The Cambodian economy has been hit very hard since the start of the coronavirus pandemic. A lot of people are losing their jobs, especially in the garment, textile, and travel goods industry, as well as in tourism. These sectors are considered the backbone of Cambodia’s economy. Cambodia is a country with a total population of 16 million people, of which 40 percent work in agriculture. The garment sector accounts for around 850,000 workers and ensures the livelihoods of many more.
Yon Sineat is a journalist based in Phnom Penh, Cambodia.
Seak Hong, 36, works at Horizon Outdoor Factory in Cambodia’s Kampong Chnnang province. She works six days per week. “Since the fourth week of March the factory doesn’t have overtime for workers anymore, including me, so now we all finish the work at 16:00 and leave the factory”, she says.
Due to the lack of overtime work, her income has decreased significantly, causing her to fall on hard times. “I get 200 dollars per month, and that’s just enough to cover my bills and to pay back the loan that I used to renovate my house. But if this continues longer than just a few months, I will face shortages. Then it will be difficult for my family to cover other expenses and to buy food, as everyone in my family depends on my income.”
She describes that the situation in the factory is not very different from before the COVID-19 outbreak. Workers still travel in open trucks. Sometimes there are up to 100 people in the truck, so crowded that workers are cramped and social distancing becomes impossible. Keeping distance is also challenging when entering or leaving the factory, where workers get in long lines to give their thumbprint.
“During the first week after the first infections in Cambodia, the factory tried to measure the temperature of the workers before they reached their work stations, but that didn’t work properly, as there are about 8,000 workers here”, Hong says. “So then they changed the plan by letting workers first go to their work stations and measuring the temperatures when everyone was at their place and working.”
Things are more or less similar at the Dilink factory on the outskirts of Phnom Penh. Here, workers whose contracts expire will not see them renewed. The exclusive awarding of short-term contracts for three to six months is a sad reality in these factories, repeatedly criticized by trade unionists.
Khann Sophea, 31, has worked in the garment industry for 12 years. She’s the mother of two daughters who stay in the countryside with her parents. Her factory produces clothing for Adidas. She does not agree with the government, who says the factories are a safe place for workers during the coronavirus pandemic: “When we enter the factory, all workers walk in line next to each other. We travel together and sit together during the lunch break. There is no social distance, so if one worker gets the virus then he or she can easily infect others.”
During the Khmer New Year, which lasted from 13–16 April and normally is Cambodia’s biggest national holiday of the year, Sophea decided to stay in Phnom Penh and work instead of going to meet her family in the province. “I went to work during that time because the government had put travel restrictions in place. They said that if I do not go to work I will not receive my attendant bonus and I would have to stay in quarantine for 14 days when I came back. I would not get my salary during these 14 days. So I forced myself to stay and to go to work, even though I miss my daughters. Because I also need the money to be able to support them, especially now that everything is getting more expensive.”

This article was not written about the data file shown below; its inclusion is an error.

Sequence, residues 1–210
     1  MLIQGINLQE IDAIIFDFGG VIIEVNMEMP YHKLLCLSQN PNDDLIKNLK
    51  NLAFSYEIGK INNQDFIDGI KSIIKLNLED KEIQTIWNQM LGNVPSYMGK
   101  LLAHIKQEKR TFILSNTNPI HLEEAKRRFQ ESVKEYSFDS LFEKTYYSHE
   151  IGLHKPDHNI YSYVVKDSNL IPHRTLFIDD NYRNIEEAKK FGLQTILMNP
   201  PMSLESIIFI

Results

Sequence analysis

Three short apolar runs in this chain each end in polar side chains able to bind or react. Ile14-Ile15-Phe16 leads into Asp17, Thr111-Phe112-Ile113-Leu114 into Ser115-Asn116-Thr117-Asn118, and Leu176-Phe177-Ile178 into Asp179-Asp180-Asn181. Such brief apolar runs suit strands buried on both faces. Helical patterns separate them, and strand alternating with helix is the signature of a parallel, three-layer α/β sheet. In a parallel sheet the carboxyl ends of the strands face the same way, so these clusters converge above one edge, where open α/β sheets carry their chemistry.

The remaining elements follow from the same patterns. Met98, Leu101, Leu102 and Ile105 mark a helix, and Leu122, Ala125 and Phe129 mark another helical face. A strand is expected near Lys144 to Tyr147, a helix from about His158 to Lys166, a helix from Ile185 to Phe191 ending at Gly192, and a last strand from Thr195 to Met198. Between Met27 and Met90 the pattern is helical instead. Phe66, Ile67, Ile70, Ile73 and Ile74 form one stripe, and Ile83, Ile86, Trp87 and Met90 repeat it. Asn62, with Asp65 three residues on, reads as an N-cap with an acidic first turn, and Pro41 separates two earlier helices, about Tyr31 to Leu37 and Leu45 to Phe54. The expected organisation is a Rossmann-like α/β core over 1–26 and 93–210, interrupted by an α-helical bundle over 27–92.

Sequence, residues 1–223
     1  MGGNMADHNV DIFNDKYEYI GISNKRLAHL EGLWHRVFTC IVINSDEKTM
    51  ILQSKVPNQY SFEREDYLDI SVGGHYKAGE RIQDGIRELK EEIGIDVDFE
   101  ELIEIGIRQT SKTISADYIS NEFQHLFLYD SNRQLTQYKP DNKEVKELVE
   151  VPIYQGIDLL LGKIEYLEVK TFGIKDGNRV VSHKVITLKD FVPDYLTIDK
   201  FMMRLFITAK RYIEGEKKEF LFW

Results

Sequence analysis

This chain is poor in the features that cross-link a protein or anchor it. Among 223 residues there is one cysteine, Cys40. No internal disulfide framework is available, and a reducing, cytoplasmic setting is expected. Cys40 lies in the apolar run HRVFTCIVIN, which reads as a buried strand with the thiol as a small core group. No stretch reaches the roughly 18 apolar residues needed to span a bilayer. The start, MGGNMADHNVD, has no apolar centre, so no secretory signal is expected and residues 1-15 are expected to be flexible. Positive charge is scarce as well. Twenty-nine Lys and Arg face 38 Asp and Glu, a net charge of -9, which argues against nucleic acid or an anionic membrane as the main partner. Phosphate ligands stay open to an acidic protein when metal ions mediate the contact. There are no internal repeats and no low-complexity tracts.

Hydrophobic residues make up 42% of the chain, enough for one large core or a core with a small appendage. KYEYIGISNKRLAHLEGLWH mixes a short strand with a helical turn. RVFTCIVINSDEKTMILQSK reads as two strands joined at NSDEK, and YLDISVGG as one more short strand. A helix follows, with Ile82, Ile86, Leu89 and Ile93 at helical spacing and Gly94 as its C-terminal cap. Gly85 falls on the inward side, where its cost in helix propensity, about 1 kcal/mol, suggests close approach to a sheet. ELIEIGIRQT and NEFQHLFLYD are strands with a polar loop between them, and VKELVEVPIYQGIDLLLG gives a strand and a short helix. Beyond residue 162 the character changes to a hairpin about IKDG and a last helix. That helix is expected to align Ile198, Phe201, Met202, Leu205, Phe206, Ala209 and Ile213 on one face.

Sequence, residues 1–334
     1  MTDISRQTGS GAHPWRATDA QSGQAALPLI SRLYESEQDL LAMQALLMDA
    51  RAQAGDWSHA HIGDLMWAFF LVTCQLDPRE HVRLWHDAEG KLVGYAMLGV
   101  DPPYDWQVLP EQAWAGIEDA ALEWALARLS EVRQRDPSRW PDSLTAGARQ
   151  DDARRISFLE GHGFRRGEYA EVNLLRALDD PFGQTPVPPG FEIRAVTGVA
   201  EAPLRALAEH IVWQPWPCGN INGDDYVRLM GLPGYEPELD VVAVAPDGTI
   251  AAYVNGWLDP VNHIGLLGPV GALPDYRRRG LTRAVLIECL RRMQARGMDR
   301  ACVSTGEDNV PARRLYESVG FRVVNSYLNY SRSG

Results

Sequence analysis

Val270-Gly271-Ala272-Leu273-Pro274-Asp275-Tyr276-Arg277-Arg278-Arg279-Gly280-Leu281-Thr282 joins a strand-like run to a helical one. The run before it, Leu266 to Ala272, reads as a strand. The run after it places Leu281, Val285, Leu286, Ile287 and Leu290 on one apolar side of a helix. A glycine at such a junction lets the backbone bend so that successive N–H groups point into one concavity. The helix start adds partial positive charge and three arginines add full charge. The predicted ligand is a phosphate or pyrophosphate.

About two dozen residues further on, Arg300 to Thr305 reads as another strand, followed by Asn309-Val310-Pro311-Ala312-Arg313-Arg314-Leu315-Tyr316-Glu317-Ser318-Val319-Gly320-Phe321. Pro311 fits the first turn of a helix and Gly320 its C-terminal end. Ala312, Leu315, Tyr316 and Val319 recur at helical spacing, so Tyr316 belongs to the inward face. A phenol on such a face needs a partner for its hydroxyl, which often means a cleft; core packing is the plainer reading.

Cambodian Prime Minister Hun Sen announced on 7 April that the Khmer New Year holiday had been cancelled for this year and that Cambodians would receive their five-day leave as soon as the pandemic was over. Hun Sen also addressed the difficulties for the garment and textile industry. After the factories first struggled with a lack of raw materials from China, they now struggle with clothing brands cancelling their orders and not paying for what they ordered.
With these problems in mind, the government decided that workers who have their work suspended will receive 70 dollars per month, with 40 coming from the government and 30 from the employer. An earlier decision said that workers would receive 60 percent of the minimum wage, but now that has gone down to less than 40 percent. The prime minister said that this was the only option, as employers cannot afford to pay more now that many already produced items cannot be exported.
These problems occur because several brands have cancelled their orders in Cambodia, due to the closure of many stores in the West. Several big fashion brands—such as H&M, Adidas, M&S, and VF—said that they are committed to paying for what they ordered, but it is uncertain if and how many new orders will be placed.
Others are acting more drastically, such as one of Cambodia’s major buyers, C&A. In a letter seen by this reporter, the Dutch-Belgian-German fashion retailer says that “all orders—no matter their current status/development—with a last delivery date in March, April, May or June 2020 are herewith, i.e. with immediate effect, cancelled.”
Ken Loo, Secretary General of the Garment Manufacture Association of Cambodia (GMAC), told the reporter that Cambodia’s garment industry is in fear of future orders being drastically reduced. Even now, the factories have difficulties to receive the payments for already supplied orders as in the purchase order agreements with the brands. The future of the factories depends heavily on the global situation and measures taken to cope with the coronavirus pandemic.
Furthermore, Ath Thorn, president of Cambodian Labour Confederation, believes that employers are using the pandemic as an excuse to easily get rid of their workers. “Because there are factories that have the ability to afford the wage of a worker. But they are using this occasion”, he said.